Feeling miserable one day - in a vulnerable and weepy state I made a small dish of yogurt and frozen blueberries. As I managed to swallow a couple of spoonfuls, I thought about my mom and the bowl of ice cream she nursed at Denny's the night after my father died. My dad had died that morning and, after spending most of the day in shock and grieving, we thought we should try and get something to eat.
We drove to Denny's from the Microtel - my brother John, my husband Tom, and my mother and myself - just the four of us. My mom sat hunched over her dish of vanilla ice cream doing her level best to take a few bites and enjoy it. She was with us and yet so completely, visibly and utterly alone. My husband and I have spoken about this - Tom remarking with tenderness how sweet and sad my mom looked the evening over her ice cream. Of course she did, she had just lost the love of her life. "Goodbye my love, good bye my darling," she kept saying over and over as we stood by his bed in the hospital. He was gone, body motionless and cool - but she was stroking him - those last gestures of body to body contact. I cannot fathom her pain, but know that it was at least as great as her love. I love my Tom in this way and it scares me to think that someday one of us might have to say goodbye like that.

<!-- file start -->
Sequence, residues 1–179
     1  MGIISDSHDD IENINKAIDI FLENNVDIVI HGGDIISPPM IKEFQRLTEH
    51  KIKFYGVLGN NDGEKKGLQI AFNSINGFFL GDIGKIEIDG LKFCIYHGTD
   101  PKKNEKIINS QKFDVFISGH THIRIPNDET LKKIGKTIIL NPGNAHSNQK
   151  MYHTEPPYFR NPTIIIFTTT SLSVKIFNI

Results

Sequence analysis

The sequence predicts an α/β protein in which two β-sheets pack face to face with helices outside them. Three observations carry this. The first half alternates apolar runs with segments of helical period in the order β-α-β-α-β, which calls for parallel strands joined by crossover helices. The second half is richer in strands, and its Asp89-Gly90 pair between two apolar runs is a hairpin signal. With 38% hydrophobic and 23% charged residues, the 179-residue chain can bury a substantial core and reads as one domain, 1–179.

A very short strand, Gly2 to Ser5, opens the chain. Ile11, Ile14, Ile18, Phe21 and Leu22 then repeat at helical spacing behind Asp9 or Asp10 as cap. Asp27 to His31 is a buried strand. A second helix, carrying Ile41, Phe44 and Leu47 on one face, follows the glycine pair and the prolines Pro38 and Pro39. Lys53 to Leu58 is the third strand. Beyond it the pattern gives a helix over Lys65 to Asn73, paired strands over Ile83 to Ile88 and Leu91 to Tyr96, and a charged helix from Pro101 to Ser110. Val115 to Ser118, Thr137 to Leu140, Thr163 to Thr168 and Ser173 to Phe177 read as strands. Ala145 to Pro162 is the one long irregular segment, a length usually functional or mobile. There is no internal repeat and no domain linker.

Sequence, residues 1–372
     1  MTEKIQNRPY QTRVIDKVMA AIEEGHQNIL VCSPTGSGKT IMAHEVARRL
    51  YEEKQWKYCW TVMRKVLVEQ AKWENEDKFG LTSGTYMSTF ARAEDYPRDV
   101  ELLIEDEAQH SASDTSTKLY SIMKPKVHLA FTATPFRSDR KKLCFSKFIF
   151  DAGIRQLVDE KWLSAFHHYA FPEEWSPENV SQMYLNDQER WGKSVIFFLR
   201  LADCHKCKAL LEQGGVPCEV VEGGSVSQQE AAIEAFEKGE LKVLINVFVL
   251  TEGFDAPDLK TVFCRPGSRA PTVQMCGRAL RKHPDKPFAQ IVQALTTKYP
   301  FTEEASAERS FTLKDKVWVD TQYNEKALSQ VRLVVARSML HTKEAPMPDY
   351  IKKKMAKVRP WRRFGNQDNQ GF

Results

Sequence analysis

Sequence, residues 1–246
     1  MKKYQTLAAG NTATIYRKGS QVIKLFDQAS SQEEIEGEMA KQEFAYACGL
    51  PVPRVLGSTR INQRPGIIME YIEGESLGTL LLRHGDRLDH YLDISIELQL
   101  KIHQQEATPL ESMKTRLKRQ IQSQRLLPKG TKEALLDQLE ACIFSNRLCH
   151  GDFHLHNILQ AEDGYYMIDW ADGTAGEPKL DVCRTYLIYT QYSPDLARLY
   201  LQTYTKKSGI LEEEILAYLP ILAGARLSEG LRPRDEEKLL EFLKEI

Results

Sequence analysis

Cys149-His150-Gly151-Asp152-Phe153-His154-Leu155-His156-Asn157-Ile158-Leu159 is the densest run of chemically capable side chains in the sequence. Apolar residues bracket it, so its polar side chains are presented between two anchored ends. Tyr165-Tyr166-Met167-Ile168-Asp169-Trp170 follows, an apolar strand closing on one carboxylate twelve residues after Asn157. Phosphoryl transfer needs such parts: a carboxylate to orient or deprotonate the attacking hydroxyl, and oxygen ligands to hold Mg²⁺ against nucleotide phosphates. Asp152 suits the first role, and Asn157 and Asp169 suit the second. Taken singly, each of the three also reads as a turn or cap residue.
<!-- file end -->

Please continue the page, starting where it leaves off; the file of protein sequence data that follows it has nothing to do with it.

This vision of her with the ice cream was so private - an intensely private moment that we were allowed to witness because she let us. Her heart broken and bare and her love so much bigger than decorum or care for appearances. Did she find some comfort for herself in a mouthful or two of ice cream as we sat close by, making our small talk? She barely spoke, just looked down at her ice cream, slowly savoring each mouthful, taste by taste. My dad loved ice cream. And he had a great appreciation for a good vanilla. He especially loved to eat it contained in a cantaloupe half -filled, sprinkled with a few blueberries.
Today has been a hard day. This is still a difficult time of year. My heart still remembers. Why do we willingly, knowingly fall so deeply in love with each other when we know that we must eventually let go? Is this choice even ours to make?
I want to savor the little things and let myself be content with the knowledge that I have loved, and have been loved - and let that small thing be enough. Enough to fill my heart for a lifetime. If there is something, some essence, some indescribable space called God - then let it be nothing more than the honor of seeing an old woman eating ice cream at Denny's, and eating it slowing, tiny spoonful by tiny spoonful, not only for herself but for her love, her darling, so that his dry and parched throat, no longer able to breathe or swallow, can once more taste sweetness.